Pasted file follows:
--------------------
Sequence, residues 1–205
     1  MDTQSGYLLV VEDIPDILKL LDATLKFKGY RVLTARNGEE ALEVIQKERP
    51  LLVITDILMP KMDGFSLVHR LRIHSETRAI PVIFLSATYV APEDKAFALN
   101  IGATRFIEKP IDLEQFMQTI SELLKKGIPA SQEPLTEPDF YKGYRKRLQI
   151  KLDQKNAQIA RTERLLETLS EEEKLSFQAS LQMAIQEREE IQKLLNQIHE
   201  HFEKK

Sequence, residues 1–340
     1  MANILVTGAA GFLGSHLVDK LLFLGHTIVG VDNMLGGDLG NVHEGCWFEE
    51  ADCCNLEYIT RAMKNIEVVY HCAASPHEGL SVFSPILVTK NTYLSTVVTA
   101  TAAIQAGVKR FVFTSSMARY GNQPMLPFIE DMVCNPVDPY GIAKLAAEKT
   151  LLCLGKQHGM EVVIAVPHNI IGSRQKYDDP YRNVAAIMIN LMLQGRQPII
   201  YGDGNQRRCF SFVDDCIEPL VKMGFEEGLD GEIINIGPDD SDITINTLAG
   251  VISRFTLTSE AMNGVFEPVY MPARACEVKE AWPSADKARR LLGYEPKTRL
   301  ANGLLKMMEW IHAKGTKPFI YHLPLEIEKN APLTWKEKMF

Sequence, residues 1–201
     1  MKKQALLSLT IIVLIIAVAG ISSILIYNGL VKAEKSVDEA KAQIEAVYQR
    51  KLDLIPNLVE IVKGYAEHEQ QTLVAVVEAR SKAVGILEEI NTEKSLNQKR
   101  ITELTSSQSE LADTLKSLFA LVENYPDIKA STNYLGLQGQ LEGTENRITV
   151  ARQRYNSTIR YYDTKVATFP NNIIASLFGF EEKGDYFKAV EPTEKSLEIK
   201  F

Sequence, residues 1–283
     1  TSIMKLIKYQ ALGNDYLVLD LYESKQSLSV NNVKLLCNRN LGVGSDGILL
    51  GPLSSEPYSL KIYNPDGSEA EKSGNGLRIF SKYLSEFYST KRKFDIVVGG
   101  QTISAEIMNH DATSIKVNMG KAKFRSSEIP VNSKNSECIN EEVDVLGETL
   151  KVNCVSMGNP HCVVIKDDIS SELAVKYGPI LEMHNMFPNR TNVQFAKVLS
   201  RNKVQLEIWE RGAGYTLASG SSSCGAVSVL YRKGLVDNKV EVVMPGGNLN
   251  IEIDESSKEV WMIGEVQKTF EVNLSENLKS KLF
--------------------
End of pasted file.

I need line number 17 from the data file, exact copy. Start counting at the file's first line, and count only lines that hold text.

    51  KLDLIPNLVE IVKGYAEHEQ QTLVAVVEAR SKAVGILEEI NTEKSLNQKR